Version 5.0[edit]

Another study using QUIS Version 5.0 was carried out with a local PC User's Group. In order to look at ratings across products, the participants were divided into 4 groups. Each group rated a different product. The products were:

  1. a product the rater liked
  2. a product the rater disliked
  3. a command line system (CLS)
  4. a Menu Driven Application (MDA)

This investigation examined the reliability and discriminability of the questionnaire. In terms of discriminability, the researchers compared the ratings for software that was liked vs. the ratings for the software that was disliked. Lastly, a comparison between a mandatory CLS with that of a voluntarily chosen MDA was made. The researchers found that the overall reliability of QUIS Version 5.0 using Cronbach's alpha was .939.[2]

Version 5.5[edit]

Even though the QUIS Version 5.0 was a powerful tool for interface evaluation, interface issues limited the utility of the on-line version. Previous versions of the QUIS have been laid out in a very linear fashion, in which one question would be shown on each screen. However, this format is unable to capture the hierarchical nature of the question sets in the QUIS. This in turn limits the continuity between questions. QUIS 5.5 presented related sets of questions on the same screen. This helped improve question continuity within a set and reduced the amount of time subjects would spend navigating between questions.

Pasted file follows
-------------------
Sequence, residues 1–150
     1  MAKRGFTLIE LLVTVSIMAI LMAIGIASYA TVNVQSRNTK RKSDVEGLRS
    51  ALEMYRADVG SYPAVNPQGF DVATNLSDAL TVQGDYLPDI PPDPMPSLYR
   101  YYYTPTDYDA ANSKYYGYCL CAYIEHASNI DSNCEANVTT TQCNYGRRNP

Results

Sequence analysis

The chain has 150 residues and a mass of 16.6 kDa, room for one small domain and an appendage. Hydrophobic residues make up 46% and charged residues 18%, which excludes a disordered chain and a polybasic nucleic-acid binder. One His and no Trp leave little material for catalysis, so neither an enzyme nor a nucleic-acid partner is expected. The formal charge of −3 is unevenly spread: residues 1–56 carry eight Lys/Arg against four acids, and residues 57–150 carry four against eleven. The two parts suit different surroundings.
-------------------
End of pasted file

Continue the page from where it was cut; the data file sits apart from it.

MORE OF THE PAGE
Users of the QUIS often avoided the on-line version because it failed to record specific user comments about the system. This was not acceptable since these comments are often vital for usability testing. In response to this need, QUIS Version 5.5 collected and stored comments online for each set of questions.